Monday, December 18, 2006

Christmas Musings

by Petra Gimbad as reported in The Sun 15 Dec 2006

The commercial nature of Christmas is harped on year after year. We buy gifts anyway.

For people we do not care that much for, we budget and buy gifts that try not to appear too cheap. For people we want to impress, which may include the people we love, we splash more to impress. For the people we love, we try our best and hope it is enough.

Here is Christmas as I remember it: the family will attend midnight mass to sing on Christmas Eve. We will return home, catch a few hours of sleep, and try not to curse as we drag ourselves out of bed to sing for the 7am mass. After that is over, we eat breakfast at a nearby coffeeshop before walking back to church to sing for our third mass at 10.30am.

We have porridge for lunch, dinner at a Japanese restaurant walking distance from home and catch up on sleep in-between. Some years, we do not set up the Christmas tree.

Christmas, for me, is not about the day itself. It is about the preparation put into it for an entire month. We practise Christmas carols and pray. Mum and I have conversations about relatives and friends, in relation to forgiveness and letting go.

We renew the realisation, year after year, that we are not perfect and that there is something bigger than our desire to hold on to grudges. We try, at least for a few weeks, not to complain about the people in our lives who are sent to test us.

My flatmate and I bought a cheap Christmas tree today because we will not be home for all of the Christmas celebrations. There are bottles and bottles of jam in front of the tree, which she spent all of last night preparing, bottling, and wrapping for her family, boyfriend, and friends. I have a tiny bottle beside me as I write.

I know that everyone will love what she made, because they are mindful of the love that was put into what she made, even if they do not know that she has been collecting bottles painstakingly for months.

It made me wonder: how many of my friends in Malaysia would appreciate such a gift? Many girlfriends, on an annual basis, oohed and aahed over gifts of branded cosmetics and pricey jewellery. I hope that such repetitious taste is due to lack of imagination, rather than giving in to materialism.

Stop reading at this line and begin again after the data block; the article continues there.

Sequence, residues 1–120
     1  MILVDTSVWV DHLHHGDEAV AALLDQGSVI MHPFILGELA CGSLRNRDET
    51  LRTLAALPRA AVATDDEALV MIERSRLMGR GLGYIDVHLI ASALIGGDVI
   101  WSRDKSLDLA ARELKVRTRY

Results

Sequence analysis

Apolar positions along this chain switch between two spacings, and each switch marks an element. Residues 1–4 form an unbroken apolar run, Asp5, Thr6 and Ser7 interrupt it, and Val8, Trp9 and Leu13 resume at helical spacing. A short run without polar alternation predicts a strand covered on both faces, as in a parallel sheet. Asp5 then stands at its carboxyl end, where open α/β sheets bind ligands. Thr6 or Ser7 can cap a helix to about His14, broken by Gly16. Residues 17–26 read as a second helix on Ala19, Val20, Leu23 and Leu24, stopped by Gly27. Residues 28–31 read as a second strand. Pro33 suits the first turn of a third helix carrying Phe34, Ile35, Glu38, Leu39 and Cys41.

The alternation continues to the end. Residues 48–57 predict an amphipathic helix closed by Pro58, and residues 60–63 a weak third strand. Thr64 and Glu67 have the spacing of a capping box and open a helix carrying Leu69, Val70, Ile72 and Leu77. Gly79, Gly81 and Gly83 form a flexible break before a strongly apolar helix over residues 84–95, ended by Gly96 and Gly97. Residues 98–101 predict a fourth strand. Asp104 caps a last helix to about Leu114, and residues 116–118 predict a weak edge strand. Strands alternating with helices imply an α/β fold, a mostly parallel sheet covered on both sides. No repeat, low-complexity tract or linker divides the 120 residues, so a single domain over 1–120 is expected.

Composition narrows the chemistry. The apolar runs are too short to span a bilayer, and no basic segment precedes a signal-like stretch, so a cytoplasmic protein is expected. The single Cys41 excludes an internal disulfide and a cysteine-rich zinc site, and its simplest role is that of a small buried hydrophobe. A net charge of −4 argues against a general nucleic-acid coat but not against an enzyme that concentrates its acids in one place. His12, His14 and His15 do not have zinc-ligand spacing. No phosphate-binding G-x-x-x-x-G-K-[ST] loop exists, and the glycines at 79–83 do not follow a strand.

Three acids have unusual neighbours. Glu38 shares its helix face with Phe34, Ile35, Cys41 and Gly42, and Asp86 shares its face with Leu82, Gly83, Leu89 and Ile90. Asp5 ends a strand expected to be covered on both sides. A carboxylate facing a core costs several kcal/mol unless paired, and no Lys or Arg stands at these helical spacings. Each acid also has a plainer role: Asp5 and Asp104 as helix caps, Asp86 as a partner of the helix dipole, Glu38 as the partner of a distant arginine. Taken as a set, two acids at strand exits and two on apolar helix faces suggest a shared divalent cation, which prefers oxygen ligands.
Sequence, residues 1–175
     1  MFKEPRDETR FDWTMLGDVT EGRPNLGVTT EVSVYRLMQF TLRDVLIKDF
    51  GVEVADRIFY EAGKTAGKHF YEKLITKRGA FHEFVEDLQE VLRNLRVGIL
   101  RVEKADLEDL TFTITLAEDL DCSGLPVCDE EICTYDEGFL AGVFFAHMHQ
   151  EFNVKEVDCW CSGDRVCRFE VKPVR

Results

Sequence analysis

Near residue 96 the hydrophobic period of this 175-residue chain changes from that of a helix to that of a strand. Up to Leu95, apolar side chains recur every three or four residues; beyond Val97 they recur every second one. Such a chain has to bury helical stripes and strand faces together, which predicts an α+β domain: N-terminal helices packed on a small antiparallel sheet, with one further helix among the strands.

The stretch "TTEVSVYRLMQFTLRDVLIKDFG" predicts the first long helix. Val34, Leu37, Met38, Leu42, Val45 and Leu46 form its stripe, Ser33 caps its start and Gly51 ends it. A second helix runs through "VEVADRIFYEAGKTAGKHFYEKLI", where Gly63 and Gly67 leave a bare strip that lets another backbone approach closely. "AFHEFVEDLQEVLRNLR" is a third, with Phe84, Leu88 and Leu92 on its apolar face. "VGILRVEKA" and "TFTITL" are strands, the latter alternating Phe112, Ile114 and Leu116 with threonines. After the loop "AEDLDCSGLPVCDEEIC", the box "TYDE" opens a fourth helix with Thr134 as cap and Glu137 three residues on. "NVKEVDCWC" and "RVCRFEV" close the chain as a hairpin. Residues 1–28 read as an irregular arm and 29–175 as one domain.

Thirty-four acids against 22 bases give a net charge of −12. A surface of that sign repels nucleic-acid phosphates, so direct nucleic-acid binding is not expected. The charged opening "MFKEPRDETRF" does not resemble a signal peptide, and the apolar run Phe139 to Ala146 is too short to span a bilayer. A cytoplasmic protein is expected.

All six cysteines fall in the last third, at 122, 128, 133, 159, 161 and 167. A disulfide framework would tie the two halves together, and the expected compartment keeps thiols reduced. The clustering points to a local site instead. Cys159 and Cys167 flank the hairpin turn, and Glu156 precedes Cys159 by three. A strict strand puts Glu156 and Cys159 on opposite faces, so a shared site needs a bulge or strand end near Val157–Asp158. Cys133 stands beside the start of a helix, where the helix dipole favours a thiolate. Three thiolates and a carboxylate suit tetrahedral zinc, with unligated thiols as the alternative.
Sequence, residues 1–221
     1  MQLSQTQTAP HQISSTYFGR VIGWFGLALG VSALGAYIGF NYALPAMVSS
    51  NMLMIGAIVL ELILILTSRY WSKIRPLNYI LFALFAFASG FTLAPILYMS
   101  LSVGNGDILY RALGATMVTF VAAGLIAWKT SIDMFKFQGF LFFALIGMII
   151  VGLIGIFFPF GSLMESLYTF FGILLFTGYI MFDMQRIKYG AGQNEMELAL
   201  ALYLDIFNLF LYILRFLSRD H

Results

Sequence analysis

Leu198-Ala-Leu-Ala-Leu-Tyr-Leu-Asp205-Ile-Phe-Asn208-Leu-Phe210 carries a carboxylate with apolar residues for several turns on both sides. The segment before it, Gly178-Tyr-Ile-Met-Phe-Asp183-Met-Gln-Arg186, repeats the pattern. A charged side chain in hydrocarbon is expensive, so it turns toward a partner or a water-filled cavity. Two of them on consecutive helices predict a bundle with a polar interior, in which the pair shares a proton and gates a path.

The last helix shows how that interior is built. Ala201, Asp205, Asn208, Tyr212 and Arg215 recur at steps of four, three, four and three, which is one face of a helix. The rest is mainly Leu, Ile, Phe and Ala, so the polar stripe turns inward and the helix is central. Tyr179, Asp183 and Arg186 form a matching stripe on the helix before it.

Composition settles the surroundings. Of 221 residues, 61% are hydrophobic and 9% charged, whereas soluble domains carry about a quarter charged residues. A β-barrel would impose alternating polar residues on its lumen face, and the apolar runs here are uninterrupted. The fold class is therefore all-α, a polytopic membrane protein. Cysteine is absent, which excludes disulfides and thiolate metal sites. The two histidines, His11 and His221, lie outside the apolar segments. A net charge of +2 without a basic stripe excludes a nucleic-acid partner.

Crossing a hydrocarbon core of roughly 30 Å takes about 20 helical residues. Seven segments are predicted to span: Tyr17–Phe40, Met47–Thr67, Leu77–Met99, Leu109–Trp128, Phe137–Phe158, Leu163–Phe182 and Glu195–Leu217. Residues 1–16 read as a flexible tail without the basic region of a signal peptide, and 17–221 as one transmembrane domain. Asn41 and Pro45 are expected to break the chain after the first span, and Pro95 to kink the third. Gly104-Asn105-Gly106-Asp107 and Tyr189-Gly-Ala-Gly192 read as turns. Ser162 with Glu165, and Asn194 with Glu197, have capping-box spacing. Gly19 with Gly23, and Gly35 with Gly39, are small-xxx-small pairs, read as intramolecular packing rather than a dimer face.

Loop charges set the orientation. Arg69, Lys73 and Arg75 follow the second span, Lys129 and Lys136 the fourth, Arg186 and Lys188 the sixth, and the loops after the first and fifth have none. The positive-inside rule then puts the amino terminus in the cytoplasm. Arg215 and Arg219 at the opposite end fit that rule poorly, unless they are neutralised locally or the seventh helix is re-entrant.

Sincerely, I do not expect gifts from those dearest to me. These people are the stuff of novels, who inspire me by example and whom I know are always there.

If gifts are a measure of how much we care, I am a lousy friend. In recent years, purchases are limited to gifts that I know will mean something to a specific friend or two. This is why I give very few gifts, and they are limited to books, music, or a painting Ð things that I know and can put my heart into.

I would also like to think that any gift I buy can never exceed what I give as a friend.

This is not to criticise the practice of giving and receiving gifts. It is about asking ourselves whether our every act of giving is done meaningfully, and whether we have received what we have been given with grace. Because Christmas is ultimately about love between people with courage and patience enough to do it with eyes wide open.

True love involves loving the people in our lives for who they are, and not who we wish they were. We cannot choose our family. Our friends are not perfect. Neither are the people we date nor our life partners. This applies to all relationships: when the first flush of romance is over, real love can begin. Two people finally see each other for exactly what they are, discover in the absence of fascination that they still have a connection, and choose to continue with that connection, warts and all.

Christmas is only as perfect as the people who celebrate it. All of us hold a different ideal of what it should be. This Christmas, I will try to remember that I am loved and am incredibly, absurdly, blessed. I think I will get the Christmas I hope for this year.

Petra is happy because she knows that love is the answer to all ailment and that love is all around us.